Liberty is an inherently offensive lifestyle. Living in a free society guarantees that each one of us will see our most cherished principles and beliefs questioned and in some cases mocked. That psychic discomfort is the price we pay for basic civic peace. It's worth it. It's a pragmatic principle. Defend everyone else's rights, because if you don't there is no one to defend yours. -- MaxedOutMama

I don't just want gun rights... I want individual liberty, a culture of self-reliance....I want the whole bloody thing. -- Kim du Toit

The most glaring example of the cognitive dissonance on the left is the concept that human beings are inherently good, yet at the same time cannot be trusted with any kind of weapon, unless the magic fairy dust of government authority gets sprinkled upon them.-- Moshe Ben-David

The cult of the left believes that it is engaged in a great apocalyptic battle with corporations and industrialists for the ownership of the unthinking masses. Its acolytes see themselves as the individuals who have been "liberated" to think for themselves. They make choices. You however are just a member of the unthinking masses. You are not really a person, but only respond to the agendas of your corporate overlords. If you eat too much, it's because corporations make you eat. If you kill, it's because corporations encourage you to buy guns. You are not an individual. You are a social problem. -- Sultan Knish

All politics in this country now is just dress rehearsal for civil war. -- Billy Beck

Wednesday, April 15, 2009

How Can You Tell You're at a "Grassroots" Protest?

How Can You Tell You're at a "Grassroots" Protest?

1). Almost all the protest signs are hand-lettered.

2). There isn't a tour bus to be found

3). Nobody is wearing a Ché shirt.

I took an early lunch today and went down to the TEA Party protest at El Presidio Park in downtown Tucson. I took a digital camera to record the scene. I don't think there were a thousand people in attendance at any one time, but given the amount of traffic in and out, I'd say there were well over a thousand who showed up - many if not most like me, who could only spare about an hour away from work. Here's three crowd shots from the same position. (I'd do a panorama if I knew how and thought I could post something you could actually see:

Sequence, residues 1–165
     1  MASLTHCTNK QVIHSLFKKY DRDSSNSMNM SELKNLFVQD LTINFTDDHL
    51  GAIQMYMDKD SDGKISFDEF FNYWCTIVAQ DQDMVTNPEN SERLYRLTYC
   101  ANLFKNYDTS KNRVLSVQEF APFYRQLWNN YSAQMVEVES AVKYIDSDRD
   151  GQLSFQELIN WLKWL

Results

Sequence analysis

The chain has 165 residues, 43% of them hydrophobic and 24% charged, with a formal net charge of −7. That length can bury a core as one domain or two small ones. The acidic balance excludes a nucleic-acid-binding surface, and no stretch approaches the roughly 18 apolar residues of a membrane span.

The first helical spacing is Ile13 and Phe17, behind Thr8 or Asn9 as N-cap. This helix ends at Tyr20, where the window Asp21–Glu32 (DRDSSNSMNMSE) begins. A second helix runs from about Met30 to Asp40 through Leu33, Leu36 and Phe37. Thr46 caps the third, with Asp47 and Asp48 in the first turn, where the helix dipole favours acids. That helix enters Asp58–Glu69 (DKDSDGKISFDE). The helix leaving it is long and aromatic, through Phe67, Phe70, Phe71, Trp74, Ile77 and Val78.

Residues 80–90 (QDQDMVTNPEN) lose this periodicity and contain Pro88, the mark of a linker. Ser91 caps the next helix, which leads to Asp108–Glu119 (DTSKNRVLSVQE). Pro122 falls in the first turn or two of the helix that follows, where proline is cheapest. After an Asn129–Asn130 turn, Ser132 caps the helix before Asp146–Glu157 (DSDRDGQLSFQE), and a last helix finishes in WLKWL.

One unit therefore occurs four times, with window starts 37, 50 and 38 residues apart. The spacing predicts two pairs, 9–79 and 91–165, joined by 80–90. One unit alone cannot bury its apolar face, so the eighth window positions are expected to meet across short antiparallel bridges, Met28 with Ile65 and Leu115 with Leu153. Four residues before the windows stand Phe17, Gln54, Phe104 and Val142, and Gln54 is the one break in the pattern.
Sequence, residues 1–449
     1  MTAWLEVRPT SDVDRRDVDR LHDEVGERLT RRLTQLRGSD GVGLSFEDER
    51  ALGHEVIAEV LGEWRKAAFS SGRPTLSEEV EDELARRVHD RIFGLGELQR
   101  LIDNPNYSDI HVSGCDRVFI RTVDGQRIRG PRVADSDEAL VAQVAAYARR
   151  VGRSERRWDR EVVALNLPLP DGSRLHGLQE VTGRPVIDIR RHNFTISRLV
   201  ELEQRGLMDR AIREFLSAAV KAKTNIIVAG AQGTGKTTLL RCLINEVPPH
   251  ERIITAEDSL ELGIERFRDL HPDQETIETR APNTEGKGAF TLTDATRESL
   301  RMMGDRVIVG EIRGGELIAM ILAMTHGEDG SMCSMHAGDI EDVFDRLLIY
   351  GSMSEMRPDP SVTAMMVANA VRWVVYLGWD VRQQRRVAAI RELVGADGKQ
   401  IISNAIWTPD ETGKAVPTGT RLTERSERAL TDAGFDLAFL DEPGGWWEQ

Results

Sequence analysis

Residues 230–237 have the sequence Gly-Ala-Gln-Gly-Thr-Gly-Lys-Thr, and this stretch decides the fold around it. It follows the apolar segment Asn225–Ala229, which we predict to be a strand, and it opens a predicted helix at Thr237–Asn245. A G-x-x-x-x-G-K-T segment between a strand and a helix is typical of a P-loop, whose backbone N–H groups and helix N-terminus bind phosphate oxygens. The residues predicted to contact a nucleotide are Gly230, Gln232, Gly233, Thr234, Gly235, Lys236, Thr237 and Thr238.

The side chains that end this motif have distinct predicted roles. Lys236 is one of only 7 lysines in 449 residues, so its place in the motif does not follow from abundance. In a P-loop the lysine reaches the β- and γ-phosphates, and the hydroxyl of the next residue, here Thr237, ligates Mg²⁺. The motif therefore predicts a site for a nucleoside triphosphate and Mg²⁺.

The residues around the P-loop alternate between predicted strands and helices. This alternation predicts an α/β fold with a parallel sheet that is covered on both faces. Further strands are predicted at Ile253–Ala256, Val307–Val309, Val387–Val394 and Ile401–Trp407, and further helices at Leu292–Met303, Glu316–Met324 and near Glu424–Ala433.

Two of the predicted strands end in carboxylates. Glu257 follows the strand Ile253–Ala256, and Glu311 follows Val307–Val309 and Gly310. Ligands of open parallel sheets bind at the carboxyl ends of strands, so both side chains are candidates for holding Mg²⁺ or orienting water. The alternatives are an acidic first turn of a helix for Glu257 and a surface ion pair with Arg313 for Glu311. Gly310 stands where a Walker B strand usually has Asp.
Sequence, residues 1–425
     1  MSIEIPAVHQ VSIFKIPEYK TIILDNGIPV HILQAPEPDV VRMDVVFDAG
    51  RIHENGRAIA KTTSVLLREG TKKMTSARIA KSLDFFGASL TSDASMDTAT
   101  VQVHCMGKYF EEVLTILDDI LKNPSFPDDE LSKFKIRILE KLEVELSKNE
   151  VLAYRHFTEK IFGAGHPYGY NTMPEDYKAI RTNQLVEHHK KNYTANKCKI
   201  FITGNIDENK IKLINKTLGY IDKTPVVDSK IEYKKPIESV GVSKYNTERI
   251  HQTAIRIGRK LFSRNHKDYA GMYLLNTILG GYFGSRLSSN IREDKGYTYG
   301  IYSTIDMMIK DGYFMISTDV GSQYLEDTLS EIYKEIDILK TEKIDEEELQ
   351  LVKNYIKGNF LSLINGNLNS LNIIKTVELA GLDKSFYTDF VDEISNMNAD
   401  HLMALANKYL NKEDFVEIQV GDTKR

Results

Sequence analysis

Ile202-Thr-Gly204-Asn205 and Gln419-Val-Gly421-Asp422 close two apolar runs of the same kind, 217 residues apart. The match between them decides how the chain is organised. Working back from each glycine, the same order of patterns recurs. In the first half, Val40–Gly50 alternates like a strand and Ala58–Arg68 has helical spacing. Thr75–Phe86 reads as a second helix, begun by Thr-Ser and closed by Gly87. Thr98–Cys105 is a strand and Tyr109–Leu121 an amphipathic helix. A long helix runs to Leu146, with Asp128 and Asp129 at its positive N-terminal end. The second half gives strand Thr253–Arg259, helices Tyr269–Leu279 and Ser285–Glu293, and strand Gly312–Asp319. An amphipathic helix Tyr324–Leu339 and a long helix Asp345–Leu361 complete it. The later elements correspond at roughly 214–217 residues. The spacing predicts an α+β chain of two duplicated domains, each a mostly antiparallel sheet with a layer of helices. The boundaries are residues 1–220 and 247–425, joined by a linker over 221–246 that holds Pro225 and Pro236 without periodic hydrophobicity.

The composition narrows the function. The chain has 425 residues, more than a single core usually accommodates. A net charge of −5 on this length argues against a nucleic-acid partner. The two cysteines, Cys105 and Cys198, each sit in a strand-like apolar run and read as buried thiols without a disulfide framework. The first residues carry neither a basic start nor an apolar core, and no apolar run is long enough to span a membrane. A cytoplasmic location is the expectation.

And that's just a portion of the crowd. I'd like to see what it looked like from the upper floors of the nearby buildings.

There were a LOT of people with hand-lettered protest signs. Here are some of the better ones:

No Ché, but a Bob Marley T-shirt did make an appearance:

Of course, some people did make use of printers and graphics programs:

But no Debt Star.

While there was a lot of Obama-bashing, there really wasn't a lot of anti-democrat signage, it was mostly anti-political-party stuff. Neither major political party got much love at this rally. But there's always some:

She also had this to say:

And, of course, there was some free-enterprise capitalism going on. The Kettle Korn guy:

And the hot-dog vendor with a LONG line:

But by far, my favorite was this kid whose mother loves him very much!

I'll be really interested to see how the legacy media covers these events as opposed to the blogosphere.

UPDATE: Well, that question has been answered.

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